About 58 percent of Nigerian households reduced their food consumption from July to December 2020 to cope with shocks of COVID-19, National Bureau of Statistics (NBS) survey has stated.
This and other strategies adopted by households to cope with COVID-19 shocks are potentially harmful, NBS said.
In its National Longitudinal Phone Survey (COVID-19 NLPS) 2020 Seventh and Eighth Round, NBS stated: “Households continued to experience severe shocks as the COVID-19 crisis persisted since March 2020.
“Between July 2020 and December 2020, 83 percent of households reported an increase in the price of major food items that they consumed, demonstrating a widespread deterioration in purchasing power. This builds on the rise in prices already observed between mid-March 2020 and July 2020.
“Households have also continued to adopt potentially harmful coping strategies in response to shocks. Around 58 percent of households that experienced a shock between July 2020 and December 2020 reduced their food consumption, while 26 percent reduced their non-food consumption.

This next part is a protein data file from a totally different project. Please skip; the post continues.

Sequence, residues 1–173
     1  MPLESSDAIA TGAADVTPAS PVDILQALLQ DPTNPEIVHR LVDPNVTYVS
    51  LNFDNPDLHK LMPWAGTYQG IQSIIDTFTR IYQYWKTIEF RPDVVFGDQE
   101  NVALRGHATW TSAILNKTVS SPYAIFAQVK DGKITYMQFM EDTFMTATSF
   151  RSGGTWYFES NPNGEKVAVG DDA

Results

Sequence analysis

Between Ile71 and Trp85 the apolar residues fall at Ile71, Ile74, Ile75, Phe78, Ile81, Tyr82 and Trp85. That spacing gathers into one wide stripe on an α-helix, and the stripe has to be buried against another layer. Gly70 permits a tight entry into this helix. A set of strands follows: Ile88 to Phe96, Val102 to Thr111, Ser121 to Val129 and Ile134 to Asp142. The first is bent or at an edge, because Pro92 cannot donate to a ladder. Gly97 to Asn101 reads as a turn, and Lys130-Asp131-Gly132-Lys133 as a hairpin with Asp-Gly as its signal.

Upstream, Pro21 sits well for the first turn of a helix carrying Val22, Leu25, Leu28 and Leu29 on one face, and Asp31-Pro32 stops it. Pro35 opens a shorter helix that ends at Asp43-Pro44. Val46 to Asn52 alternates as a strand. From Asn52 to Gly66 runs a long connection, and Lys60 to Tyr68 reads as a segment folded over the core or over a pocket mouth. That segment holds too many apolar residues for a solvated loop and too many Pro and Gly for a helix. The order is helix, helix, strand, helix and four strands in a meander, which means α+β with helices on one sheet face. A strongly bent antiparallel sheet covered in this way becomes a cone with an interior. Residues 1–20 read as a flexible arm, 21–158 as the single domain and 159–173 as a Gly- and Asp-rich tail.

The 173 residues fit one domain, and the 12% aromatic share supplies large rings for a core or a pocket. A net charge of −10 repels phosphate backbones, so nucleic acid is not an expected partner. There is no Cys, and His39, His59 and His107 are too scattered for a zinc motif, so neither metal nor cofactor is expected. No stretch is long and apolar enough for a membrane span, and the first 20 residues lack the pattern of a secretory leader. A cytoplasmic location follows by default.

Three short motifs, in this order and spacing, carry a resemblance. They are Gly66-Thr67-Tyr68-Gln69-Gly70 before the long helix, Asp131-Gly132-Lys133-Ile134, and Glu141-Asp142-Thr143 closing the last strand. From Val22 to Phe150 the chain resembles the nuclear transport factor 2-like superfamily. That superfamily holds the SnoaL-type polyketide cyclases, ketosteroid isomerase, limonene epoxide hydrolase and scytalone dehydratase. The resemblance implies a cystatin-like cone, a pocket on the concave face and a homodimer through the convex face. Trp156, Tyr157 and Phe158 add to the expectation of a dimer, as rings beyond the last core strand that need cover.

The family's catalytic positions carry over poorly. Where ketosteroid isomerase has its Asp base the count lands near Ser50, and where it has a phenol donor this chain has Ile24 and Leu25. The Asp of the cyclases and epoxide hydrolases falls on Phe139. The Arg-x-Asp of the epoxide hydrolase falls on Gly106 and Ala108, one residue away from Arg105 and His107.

“As in the past, many households also adopted coping strategies which could reduce their long-term financial security, with 31 percent of shock-hit households relying on their savings.
“There was also a rise in the share of households that reported doing nothing in response to shocks. While this may partly indicate that households are less reliant on potentially harmful coping strategies, it may also be that house-holds are reaching a subsistence welfare level where coping strategies deployed in the past may no longer be tenable.”
“One additional change observed among Nigerian households, which may constitute a coping mechanism, is that they have become larger.
“Specifically, households had 6.6 members in November 2020, compared with 5.5 members in January/February 2019.”